One day, I look forward to teaching an architecture studio that won’t look at all like today’s coursework. This studio of the not-to-distant future will see each student bring their own Virtual Reality (VR) glasses, and homework will have them use Virtual Design and Construction (VDC) techniques to explore their ideas. There will just be a lot more looking around.
Desks will still be messy. Students will still have to make physical models in this studio. Gravity is a unforgiving collaborator. Materials create their own dialogues. Connections are the soul of creative expression.
It turns out that this hopeful day is going to be foreshadowed this semester! Indeed, I’m getting a taste of it next week!
I’ve spent a few days composing a proposal for a VR-for-architects class at NYIT. I just sent the proposal to the Associate Dean, and I don’t know what part I’m more excited about. The course textbook is Robin Evan’s wonderful project, The Projective Cast. Just talking about those chapters for 16 weeks is interesting enought. But the course only needs a few thousand dollars of equipment to run – that makes me hopeful that we really have a chance to do something unique at our institute.
Here’ the big parts. There isn’t a sentence in the sample that doesn’t sound so cool that I would want to take the course myself!
Our Survey of Parametric Design Tool for Architects midterm assignments are the design and construction of lampshades.
(Can you see how the last two assignments about domes are imbedded in the midterms?)
My office is a wonderful place to sit these days. Not only are the midterms whimsical and fun, but they draw the curiosity of folks in the department. And we can keep the bland overhaed lights off, too.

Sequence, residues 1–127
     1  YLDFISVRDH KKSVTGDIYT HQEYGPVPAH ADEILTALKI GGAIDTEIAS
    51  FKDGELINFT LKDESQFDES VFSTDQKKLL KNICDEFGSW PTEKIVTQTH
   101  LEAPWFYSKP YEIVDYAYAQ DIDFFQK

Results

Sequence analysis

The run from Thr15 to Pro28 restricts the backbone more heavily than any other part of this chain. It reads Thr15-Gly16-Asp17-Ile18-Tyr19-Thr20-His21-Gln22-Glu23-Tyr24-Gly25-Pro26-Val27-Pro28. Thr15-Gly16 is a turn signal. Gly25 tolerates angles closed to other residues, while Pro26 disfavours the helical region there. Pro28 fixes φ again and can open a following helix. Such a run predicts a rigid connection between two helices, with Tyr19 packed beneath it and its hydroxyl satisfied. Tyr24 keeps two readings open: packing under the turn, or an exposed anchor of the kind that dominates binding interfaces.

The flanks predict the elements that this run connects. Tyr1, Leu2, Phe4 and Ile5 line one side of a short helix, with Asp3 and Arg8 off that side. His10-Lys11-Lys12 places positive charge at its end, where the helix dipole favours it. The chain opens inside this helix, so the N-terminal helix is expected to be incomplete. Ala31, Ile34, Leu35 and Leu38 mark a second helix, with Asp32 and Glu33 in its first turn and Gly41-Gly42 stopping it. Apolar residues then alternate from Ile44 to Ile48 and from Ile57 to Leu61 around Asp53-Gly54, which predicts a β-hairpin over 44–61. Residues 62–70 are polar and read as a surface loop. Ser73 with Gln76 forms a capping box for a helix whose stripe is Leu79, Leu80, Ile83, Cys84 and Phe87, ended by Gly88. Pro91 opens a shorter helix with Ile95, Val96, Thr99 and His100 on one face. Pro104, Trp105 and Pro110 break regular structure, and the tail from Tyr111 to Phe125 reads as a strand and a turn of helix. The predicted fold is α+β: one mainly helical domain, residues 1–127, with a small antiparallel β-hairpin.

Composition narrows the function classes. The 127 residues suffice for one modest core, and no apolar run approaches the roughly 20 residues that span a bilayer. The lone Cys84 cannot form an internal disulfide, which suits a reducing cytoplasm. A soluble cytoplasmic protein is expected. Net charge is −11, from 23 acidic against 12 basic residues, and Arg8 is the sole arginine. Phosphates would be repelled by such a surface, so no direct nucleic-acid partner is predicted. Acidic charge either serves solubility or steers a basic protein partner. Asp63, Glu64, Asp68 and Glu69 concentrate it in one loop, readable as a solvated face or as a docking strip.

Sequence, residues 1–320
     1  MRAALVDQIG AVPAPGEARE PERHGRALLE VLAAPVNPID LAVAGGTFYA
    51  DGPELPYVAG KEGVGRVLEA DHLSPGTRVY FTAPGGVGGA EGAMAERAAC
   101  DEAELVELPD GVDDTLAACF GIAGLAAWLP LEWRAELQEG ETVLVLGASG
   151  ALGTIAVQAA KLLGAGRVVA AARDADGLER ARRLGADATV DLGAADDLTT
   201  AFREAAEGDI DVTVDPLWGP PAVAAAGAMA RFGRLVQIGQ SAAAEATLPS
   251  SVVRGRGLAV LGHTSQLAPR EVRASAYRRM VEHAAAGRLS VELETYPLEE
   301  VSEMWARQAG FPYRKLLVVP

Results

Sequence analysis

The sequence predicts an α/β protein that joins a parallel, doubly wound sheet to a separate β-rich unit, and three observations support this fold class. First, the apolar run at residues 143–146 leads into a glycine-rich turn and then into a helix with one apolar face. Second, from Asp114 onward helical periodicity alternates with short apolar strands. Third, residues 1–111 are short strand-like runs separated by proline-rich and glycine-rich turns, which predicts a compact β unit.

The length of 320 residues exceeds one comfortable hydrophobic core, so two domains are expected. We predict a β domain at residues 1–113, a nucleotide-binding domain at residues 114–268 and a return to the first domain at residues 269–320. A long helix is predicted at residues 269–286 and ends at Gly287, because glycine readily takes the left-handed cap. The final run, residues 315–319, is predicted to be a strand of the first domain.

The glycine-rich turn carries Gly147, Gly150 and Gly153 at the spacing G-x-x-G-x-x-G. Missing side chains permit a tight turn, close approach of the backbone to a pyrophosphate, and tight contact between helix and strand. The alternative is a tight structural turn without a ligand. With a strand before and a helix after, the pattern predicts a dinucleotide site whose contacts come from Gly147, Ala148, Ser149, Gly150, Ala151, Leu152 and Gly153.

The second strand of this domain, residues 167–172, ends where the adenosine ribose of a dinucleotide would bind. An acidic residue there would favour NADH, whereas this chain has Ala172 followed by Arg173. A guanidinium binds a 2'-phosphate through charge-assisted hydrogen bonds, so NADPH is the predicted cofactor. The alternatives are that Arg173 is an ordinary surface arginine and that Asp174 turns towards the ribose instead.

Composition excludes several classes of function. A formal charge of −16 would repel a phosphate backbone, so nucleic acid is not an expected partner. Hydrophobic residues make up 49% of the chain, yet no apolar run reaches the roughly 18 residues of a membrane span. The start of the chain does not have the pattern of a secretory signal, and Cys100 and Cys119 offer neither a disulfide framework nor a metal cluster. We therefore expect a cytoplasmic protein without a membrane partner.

The curator of Gallery 61 wants to build an exhibition next year that includes these pieces. More news when things get decided…
Design/Build project delivery methods offer a ton of benefits to both architects and their clients. Architects skilled and interested enough to deliver services on the construction site are all the more informed the next time they sit at the drafting board. Clients who hire these architects don’t lose invested project knowledge when a set is handed over to a third-party contractor.
My teaching schedule for the Fall has been set for some time now. And its pretty encouraging that a elective I wrote last Spring Survey of Parametric Design Tools for Architects has filled to capacity and has another semester to waitlist. I think I love teaching that class.
In several public presentations, Philosopher Daniel Dennett has offered his own description of the meaning of life. Paraphrasing, he advises to find something “bigger than you,” and to dedicate your actions to that purpose, that idea, or that inspiration. That’s hard.
In the Spring of 2015, Prof. Ford and I prepared two abstracts for the 2015 ACSA Fall Conference (themed “Between the Autonomous & Contingent Object”). The two abstracts were intended to take debating positions about the role of simulation in architecture, and both positions advanced the debate-style organization of the conference. One abstract was named “Simulating Paradoxes.” The other was named “Simulating Criticality.”
I was an artist presented a few days ago at the Byrdcliffe Open Studios. It was a exciting, loving, and humbling experience.
The premise of my Byrdcliffe Fellowship, and my subsequent work, is that architectural documents are an invaluable resource for forming a cause-oriented non-profit organization. Specifically, architectural products can be used to build a Board of Directors, to advance fundraising objectives, to galvanize volunteers for the mission, and ultimately to win the support of a community.
For the third time this month, we’ve set the alarm for 4:00 AM, and struck out into the night to catch sunrise atop Overlook Mountain. Most mornings clouds conspired to our East and the sun rose unannounced behind a purple curtain.